Broken Social Scene – Forgiveness Rock Record (City Slang)

May 17, 2010 by  

It’s been a long five years since their last release, so a sprawling six minute fifty ‘World Sick’ is an ideal curtain opener and reminder of who Broken Social Scene were. The Canadian collective are still the expansive indie rock group of yesteryear, and are back with their fourth long player ‘Forgiveness Rock Record’.

As reminders go, ‘World Sick’, with its jerky guitar melody, uplifting drums and a slow but necessary build, is indeed a cracking return, yet almost as good as it gets for a band with over-indulgence their recurring criticism.

Cutting down the collective to just seven (yes, just seven) you would have thought it would have tightened proceedings somewhat – however it’s given the remaining gaggle the go ahead to do more. Too much more. This may be down to production, but occasionally the cacophony is more a melee, and is just a bit much.

‘Chase Scene’ is much like the title suggests, but is uninteresting and unnecessary. ‘Forced To Love’ has hints of greatness in parts but overbearing with blips and screeches – and again like the title you’re left sensing that they really are forcing you to love it. Again ’All to All’ is like a bad remix of their own song, a great structure and some good ideas, but outweighed by noise. Lots of noise. And ‘Art House Director’ just sounds like an attempt at Paul Simon but sounds like a bad Go! Team track.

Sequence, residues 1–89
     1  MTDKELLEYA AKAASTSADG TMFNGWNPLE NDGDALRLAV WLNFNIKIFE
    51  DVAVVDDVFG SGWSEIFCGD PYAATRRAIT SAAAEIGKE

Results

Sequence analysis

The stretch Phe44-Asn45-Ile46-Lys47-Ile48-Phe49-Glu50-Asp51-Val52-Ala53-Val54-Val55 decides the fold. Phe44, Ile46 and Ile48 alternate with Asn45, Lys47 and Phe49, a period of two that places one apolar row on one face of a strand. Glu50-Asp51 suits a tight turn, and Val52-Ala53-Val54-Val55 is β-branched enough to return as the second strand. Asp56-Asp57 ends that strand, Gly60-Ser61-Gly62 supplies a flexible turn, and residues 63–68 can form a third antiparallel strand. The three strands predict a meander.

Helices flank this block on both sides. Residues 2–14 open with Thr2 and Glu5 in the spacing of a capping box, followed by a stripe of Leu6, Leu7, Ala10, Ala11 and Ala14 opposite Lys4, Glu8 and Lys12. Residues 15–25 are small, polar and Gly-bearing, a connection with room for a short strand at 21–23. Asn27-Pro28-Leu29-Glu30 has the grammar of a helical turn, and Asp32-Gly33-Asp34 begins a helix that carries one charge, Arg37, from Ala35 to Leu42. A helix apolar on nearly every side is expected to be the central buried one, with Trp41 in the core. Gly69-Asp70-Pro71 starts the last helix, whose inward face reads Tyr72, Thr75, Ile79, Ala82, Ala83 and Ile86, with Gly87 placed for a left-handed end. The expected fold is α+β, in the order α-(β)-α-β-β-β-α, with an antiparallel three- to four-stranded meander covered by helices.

When toned down, and when focused, you can still hear the makings of another great rock record from BSS. The dreamy indie rock of ‘Texico Bitches’ is a driving success, or the moderately expansive yet relatively subdued funk in ‘Ungrateful Little Father’ is just the right side of OTT. And ‘Meet Me In The Bathroom’ is like a good version of this album’s very own ‘Art House Director’.

Broken Social Scene has always been lauded with praise for experimenting and their attempts of trying something more sonically uplifting or better than your bog standard indie fodder. But as much as they do to lift out of the Pigeon Detectives/Fratellis bracket, they’ve not done enough here to sit in the pantheons of Radiohead/Arcade Fire.

There is so much going on in this album, that 4 or 5 listens in you’re still not clear what. However the stripped bare, ‘Me & My Hand’ is a wonderful curtain call. It’s an M.Ward type ballad which sounds enjoyably longer than its two minutes, and it’s proof that for a band based on complexity, it’s their simplicity that shines.

[rating:3]


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